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Usually, to discard changes to a file you would do

git checkout -- <file>

What if the change i want to discard is deleting the file? the above line would give an error:

error: pathspec '<file>' did not match any file(s) known to git.

What command will restore that single file without undoing other changes?

bonus point: Also, what if the change i want to discard is adding a file? i would like to know how to unstage that change as well.

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Discarding changes and unstaging are two different things, which are you trying to do? –  Andrew Marshall Mar 6 '12 at 20:35
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3 Answers 3

up vote 87 down vote accepted

Assuming you're wanting to undo the effects of 'git rm ' or 'rm ' followed by 'git add -A' or something similar:

# this restores the file status in the index
git reset -- <file>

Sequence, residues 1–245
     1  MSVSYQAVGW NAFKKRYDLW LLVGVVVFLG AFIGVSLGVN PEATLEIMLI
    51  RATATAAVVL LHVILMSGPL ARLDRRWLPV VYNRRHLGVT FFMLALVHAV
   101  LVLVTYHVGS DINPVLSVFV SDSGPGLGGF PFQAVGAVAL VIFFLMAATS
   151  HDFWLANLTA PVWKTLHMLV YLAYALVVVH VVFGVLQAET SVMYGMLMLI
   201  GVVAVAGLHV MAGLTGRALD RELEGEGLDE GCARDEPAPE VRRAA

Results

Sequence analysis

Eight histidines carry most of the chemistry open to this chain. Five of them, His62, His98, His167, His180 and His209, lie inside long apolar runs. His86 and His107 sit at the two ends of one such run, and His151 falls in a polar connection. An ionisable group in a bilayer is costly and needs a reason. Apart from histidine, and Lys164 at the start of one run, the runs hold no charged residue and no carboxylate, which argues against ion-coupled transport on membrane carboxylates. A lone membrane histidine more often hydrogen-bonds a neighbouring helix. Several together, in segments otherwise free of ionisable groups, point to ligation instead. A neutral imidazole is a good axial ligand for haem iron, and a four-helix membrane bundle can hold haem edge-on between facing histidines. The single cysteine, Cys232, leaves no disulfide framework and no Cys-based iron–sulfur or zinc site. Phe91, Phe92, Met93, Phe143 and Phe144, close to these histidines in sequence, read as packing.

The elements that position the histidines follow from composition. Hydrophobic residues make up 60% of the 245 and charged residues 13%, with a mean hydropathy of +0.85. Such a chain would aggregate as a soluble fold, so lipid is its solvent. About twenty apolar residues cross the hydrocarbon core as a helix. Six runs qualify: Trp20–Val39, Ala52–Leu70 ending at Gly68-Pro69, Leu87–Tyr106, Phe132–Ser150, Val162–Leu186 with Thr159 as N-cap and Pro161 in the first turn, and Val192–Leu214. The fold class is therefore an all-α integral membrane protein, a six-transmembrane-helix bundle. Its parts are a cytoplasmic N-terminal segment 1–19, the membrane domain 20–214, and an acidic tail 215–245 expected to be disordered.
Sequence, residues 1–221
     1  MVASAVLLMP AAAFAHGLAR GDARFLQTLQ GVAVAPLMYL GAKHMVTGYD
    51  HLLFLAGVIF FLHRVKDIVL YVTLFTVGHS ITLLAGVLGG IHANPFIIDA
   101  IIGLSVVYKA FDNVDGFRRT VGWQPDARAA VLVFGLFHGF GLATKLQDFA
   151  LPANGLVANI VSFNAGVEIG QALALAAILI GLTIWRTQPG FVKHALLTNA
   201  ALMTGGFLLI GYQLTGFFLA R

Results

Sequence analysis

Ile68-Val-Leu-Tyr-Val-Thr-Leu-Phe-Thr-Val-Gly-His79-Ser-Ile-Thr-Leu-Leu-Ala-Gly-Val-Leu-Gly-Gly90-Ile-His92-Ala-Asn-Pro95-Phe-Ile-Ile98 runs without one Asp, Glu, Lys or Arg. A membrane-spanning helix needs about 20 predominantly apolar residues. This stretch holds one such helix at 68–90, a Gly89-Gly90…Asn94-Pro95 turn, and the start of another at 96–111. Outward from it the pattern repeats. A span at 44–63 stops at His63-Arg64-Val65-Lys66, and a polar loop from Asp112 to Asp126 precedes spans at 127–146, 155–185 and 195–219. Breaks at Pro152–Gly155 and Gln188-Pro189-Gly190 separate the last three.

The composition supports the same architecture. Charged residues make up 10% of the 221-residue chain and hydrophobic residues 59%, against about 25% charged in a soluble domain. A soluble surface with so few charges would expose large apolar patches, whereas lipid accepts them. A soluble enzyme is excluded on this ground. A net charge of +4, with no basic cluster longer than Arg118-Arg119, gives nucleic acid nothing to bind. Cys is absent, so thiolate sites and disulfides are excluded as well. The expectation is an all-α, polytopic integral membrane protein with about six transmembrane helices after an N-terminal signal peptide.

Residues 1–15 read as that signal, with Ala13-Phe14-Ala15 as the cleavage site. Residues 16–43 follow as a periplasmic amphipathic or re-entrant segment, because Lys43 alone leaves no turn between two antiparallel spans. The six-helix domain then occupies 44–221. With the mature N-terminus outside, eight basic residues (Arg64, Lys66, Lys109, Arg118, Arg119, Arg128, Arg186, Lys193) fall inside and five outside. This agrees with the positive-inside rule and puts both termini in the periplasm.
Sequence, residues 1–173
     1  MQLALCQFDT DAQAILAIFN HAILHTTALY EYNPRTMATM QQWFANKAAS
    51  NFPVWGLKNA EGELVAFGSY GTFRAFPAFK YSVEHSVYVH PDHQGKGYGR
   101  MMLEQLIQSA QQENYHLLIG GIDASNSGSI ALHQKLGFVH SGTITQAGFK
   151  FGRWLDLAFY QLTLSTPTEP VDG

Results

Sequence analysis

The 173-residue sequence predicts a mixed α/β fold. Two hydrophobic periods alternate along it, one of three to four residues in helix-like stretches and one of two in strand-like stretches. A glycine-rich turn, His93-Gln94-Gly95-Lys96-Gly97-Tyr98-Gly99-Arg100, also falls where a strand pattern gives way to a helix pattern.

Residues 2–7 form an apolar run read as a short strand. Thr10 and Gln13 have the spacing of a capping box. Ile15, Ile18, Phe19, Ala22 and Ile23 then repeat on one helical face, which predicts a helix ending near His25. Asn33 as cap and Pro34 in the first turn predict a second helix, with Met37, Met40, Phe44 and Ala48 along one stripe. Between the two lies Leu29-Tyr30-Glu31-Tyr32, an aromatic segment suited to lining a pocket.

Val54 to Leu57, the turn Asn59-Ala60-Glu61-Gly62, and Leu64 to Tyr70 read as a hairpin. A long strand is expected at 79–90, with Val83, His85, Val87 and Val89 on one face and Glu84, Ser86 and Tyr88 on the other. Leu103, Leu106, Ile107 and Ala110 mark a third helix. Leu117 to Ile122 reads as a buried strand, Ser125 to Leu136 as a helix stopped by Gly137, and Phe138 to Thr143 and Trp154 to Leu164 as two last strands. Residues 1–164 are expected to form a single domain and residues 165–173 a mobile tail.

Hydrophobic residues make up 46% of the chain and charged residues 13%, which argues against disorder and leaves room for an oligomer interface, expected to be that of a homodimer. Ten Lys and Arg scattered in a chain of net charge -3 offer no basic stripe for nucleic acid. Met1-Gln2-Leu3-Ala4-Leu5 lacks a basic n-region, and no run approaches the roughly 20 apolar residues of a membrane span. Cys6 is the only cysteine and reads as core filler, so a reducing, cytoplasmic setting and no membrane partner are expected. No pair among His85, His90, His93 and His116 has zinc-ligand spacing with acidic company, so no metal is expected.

# then check out a copy from the index
git checkout -- <file>

To undo 'git add ', the first line above suffices, assuming you haven't committed yet.

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Both questions are answered in git status.

To unstage adding a new file use git rm --cached

# Changes to be committed:
#   (use "git rm --cached <file>..." to unstage)
#
#   new file:   test

To unstage deleting a file use git reset HEAD

# Changes to be committed:
#   (use "git reset HEAD <file>..." to unstage)
#
#   deleted:    test

In the other hand, git checkout -- never unstage, it just discards non-staged changes.

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The answers to your two questions are related. I'll start with the second:

Once you have staged a file (often with git add, though some other commands implicitly stage the changes as well, like git rm) you can back out that change with git reset -- <file>.

In your case you must have used git rm to remove the file, which is equivalent to simply removing it with rm and then staging that change. If you first unstage it with git reset -- <file> you can then recover it with git checkout -- <file>.

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